Which is best: Shared or a separate network?

These days it’s more than a bandwidth issue when deciding which approach to take
Tuesday, June 1, 2004

Another way to address the issues related to bandwidth is to put security on its own network, rather than sharing the existing IT infrastructure. This addresses not only capacity problems, but also the increasingly difficult issue of who manages the network.

The question of which approach to take is as much a political one as a business one, according to Paul Smith, chief operating officer at DVTel, a Paramus, N.J.-based provider of integrated IP security products for surveillance and monitoring of assests and facilities.

“The security folks haven’t had the exposure to networking (that the IT department has), but now they need expertise and some core competency,” he said.

But the security department may also have some apprehension about sharing space - network or otherwise - with IT. “If you bring in IT, does it diminish my job? Does it expose what I don’t know,” Smith reports some security personnel asking.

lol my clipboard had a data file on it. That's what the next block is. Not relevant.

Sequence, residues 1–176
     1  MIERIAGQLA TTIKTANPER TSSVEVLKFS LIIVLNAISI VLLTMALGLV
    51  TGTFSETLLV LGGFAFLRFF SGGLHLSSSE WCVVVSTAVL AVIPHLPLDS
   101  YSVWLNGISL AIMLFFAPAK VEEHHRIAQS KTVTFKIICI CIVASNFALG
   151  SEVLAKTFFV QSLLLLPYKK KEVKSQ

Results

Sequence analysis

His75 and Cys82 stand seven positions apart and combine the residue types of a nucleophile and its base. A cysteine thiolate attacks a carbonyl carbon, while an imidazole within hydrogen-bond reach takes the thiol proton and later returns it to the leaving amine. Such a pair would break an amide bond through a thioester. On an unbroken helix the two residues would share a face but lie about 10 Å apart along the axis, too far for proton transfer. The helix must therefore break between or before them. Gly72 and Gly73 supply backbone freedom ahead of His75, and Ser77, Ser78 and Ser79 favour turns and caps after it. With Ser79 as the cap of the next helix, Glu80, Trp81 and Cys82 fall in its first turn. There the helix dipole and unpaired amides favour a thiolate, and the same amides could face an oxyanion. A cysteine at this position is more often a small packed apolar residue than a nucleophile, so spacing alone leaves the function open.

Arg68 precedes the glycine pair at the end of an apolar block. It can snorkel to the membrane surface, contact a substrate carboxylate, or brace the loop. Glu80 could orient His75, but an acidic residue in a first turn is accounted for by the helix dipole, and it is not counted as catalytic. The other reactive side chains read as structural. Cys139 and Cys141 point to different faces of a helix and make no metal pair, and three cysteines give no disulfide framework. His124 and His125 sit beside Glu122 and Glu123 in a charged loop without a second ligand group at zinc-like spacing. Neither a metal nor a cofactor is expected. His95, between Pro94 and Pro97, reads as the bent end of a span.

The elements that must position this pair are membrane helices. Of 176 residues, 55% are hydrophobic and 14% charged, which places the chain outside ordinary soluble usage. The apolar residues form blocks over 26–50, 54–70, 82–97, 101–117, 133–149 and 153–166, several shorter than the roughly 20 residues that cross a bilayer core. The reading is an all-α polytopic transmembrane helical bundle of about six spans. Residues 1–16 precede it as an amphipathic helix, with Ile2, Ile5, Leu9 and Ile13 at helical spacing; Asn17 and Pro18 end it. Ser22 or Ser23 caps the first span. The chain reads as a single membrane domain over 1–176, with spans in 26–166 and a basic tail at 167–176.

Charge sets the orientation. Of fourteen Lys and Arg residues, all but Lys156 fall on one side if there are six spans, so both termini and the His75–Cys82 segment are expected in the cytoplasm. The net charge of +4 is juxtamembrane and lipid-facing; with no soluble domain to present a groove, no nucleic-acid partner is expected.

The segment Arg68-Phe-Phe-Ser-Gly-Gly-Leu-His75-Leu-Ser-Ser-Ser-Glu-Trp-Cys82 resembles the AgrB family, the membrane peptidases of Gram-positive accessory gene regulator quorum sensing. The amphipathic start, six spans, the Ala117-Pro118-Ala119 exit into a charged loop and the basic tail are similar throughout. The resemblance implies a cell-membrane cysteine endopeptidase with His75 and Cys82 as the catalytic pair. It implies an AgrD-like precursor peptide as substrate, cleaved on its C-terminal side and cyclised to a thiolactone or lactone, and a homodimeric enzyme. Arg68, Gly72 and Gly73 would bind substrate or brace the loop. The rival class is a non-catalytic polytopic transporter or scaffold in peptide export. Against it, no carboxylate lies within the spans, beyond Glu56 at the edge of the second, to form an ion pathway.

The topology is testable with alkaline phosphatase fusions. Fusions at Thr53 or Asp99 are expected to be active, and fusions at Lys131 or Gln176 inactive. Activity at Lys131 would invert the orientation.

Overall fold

Smith said corporate networks maintained by IT personnel are typically run under different requirements than those for a security system. So the question to ask, he said, is, “If security entrusts its system to IT, will they maintain and run it properly and get the right level of reliability?”

William L. Stuntz, chief executive officer at BroadWare Technologies, said because security needs to be 24/7 one way to ensure reliability is to put the video on a LAN so if the WAN is taken down for maintenance, it doesn’t affect the system.

It seems inevitable, said Ali Eghbal, president of Vigitron, a San Diego–based designer and manufacturer of high quality twisted pair transceivers, that security and IT are stepping into each others’ fields.

Smith said he has witnessed examples, such as in a casino project, where IT and security are working hand in glove.

The security company knows where to place the camera, while the IT peoples’ value, he added, “is the nuts and bolts.”

The network savvy of the IT department makes them a good partner, said Kristi Konotchick, an executive at Inetcam.

The decision making in many organizations, she said, has shifted from loss prevention to IT as software becomes more network friendly.